From hallucinations to the inability to breathe, a Science Alert report details what it is like to experience sleep paralysis.

The idea of not being able to move as an intruder or monster comes your way is classic nightmare material, but for some people, this is their reality. Around 7.6 percent of the world’s population has had at least one attack of sleep paralysis, but for some people, the odds are even higher – a 2011 study found that 28.3 percent of students, and 31.9 percent of psychiatric patients experience at least one episode of sleep paralysis in their lives.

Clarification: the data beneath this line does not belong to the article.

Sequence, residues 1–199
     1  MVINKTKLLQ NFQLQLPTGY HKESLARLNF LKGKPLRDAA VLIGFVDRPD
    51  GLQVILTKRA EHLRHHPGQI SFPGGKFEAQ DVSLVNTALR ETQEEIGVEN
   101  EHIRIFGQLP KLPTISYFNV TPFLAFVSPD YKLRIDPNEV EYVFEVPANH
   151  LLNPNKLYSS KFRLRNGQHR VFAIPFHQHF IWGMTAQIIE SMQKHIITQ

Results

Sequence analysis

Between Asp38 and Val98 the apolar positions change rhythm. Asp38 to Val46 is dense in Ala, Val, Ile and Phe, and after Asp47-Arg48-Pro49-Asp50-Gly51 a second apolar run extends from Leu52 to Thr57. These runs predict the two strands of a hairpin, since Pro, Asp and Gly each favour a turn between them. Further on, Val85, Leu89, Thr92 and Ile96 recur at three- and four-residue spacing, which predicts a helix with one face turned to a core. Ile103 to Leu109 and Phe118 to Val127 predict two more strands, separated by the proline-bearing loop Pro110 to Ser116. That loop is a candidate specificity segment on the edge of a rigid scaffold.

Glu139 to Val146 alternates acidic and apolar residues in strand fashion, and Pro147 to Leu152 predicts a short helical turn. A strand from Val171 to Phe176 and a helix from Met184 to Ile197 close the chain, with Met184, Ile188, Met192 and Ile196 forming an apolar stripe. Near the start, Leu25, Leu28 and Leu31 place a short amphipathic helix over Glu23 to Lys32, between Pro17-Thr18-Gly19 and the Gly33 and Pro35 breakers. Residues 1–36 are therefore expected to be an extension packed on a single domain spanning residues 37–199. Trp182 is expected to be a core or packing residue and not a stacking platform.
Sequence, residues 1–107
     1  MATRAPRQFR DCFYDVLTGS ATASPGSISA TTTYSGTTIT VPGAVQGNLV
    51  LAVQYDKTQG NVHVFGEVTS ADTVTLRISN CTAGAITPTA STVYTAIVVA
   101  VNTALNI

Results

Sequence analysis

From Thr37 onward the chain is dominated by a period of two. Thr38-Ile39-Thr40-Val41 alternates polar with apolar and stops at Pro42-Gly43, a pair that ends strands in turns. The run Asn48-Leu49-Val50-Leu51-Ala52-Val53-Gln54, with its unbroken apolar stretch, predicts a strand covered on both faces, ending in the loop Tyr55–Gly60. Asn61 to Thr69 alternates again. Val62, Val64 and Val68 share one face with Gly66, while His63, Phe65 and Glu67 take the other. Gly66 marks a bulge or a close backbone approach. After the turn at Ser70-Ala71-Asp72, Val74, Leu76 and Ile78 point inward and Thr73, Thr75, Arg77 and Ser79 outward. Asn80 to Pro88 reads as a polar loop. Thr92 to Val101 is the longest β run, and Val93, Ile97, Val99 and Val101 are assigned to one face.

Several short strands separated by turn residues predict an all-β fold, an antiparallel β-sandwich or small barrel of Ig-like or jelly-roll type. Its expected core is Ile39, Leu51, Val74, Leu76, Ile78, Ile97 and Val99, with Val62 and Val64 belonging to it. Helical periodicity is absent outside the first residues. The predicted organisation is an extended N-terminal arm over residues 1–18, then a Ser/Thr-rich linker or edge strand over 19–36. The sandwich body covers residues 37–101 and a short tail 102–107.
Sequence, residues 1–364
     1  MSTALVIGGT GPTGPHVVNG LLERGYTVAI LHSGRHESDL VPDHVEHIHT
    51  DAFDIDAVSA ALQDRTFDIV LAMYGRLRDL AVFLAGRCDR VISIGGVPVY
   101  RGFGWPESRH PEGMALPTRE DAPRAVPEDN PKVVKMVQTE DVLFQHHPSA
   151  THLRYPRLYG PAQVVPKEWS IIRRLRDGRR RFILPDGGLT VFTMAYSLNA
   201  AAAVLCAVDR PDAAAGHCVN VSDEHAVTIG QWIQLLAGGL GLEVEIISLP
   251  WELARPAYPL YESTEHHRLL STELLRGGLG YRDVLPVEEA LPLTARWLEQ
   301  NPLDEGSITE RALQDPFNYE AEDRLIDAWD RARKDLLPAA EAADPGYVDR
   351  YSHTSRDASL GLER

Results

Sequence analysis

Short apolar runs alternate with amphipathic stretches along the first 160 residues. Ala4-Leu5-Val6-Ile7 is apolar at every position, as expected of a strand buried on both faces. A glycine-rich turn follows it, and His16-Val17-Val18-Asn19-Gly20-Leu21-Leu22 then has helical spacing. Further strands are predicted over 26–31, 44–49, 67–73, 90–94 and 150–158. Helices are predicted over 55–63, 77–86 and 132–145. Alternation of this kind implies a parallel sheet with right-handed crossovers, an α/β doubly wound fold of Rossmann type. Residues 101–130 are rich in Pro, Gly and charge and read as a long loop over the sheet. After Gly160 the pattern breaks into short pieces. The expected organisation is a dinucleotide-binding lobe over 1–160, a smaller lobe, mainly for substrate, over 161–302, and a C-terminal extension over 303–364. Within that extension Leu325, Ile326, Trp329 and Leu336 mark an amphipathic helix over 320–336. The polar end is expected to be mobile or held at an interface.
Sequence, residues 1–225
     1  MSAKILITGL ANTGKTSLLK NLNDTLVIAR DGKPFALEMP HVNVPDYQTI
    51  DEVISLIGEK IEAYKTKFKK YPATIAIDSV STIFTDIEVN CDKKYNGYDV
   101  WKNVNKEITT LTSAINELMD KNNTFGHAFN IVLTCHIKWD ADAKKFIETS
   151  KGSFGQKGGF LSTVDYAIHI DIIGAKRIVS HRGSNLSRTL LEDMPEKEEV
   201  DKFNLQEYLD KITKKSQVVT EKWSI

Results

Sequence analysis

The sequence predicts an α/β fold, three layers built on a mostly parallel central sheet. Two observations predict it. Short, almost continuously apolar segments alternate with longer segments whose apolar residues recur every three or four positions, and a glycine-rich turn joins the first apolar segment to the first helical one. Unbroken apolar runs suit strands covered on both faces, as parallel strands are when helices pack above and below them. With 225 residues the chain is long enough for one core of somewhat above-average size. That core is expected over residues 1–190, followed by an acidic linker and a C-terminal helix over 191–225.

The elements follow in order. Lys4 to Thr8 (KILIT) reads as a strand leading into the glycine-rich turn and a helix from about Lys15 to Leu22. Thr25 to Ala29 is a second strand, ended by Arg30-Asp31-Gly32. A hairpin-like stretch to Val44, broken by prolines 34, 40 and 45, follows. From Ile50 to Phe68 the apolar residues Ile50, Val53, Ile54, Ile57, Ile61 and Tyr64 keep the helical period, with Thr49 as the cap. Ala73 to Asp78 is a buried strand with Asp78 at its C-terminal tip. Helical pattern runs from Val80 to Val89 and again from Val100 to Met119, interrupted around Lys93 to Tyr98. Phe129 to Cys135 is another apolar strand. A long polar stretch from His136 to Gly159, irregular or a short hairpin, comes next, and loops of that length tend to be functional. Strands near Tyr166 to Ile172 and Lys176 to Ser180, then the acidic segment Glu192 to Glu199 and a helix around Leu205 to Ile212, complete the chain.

So what exactly is sleep paralysis? The disorder comes in many forms, but generally, those affected cannot move or speak for up to 2 minutes after they wake, or just after falling asleep. Some people also experience the sense of a physical weight being pushed onto their chest, the inability to breathe, unnatural involuntary movements, an evil presence in the room, and visual, auditory, or physical hallucinations.

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